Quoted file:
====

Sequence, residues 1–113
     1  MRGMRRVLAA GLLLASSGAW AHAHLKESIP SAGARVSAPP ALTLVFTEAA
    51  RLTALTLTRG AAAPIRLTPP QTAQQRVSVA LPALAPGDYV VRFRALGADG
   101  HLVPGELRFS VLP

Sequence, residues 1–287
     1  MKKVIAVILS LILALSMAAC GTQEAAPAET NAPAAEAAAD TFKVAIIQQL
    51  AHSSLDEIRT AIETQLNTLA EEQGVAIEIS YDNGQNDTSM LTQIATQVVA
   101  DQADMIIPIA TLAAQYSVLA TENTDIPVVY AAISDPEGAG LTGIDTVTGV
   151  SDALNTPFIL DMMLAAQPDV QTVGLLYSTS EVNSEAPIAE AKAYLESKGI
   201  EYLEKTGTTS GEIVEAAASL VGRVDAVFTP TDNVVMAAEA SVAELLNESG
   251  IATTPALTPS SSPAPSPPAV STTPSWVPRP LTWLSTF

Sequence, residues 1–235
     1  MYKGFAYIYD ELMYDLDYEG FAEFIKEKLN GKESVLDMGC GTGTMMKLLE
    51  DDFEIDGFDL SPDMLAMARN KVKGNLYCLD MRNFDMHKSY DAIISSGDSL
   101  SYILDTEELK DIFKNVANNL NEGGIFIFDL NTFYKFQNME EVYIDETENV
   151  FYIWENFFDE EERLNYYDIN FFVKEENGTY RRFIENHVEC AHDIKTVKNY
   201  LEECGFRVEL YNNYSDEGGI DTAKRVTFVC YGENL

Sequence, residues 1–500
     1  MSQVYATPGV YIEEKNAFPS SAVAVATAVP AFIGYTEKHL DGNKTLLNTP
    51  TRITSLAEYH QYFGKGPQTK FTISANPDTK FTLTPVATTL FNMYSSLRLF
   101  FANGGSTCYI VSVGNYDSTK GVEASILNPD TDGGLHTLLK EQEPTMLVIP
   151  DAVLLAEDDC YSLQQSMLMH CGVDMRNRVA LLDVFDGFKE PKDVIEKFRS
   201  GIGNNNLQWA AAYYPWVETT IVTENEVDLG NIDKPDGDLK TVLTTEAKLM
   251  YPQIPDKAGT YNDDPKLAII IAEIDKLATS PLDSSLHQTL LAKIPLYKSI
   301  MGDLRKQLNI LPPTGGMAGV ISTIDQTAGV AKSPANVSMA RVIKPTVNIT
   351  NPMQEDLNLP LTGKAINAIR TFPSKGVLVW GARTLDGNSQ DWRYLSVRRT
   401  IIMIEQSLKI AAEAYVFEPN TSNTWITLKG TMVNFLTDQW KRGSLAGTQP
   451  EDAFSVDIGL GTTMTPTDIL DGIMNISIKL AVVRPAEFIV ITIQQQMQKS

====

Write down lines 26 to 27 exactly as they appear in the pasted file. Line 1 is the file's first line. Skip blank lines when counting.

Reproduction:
   351  NPMQEDLNLP LTGKAINAIR TFPSKGVLVW GARTLDGNSQ DWRYLSVRRT
   401  IIMIEQSLKI AAEAYVFEPN TSNTWITLKG TMVNFLTDQW KRGSLAGTQP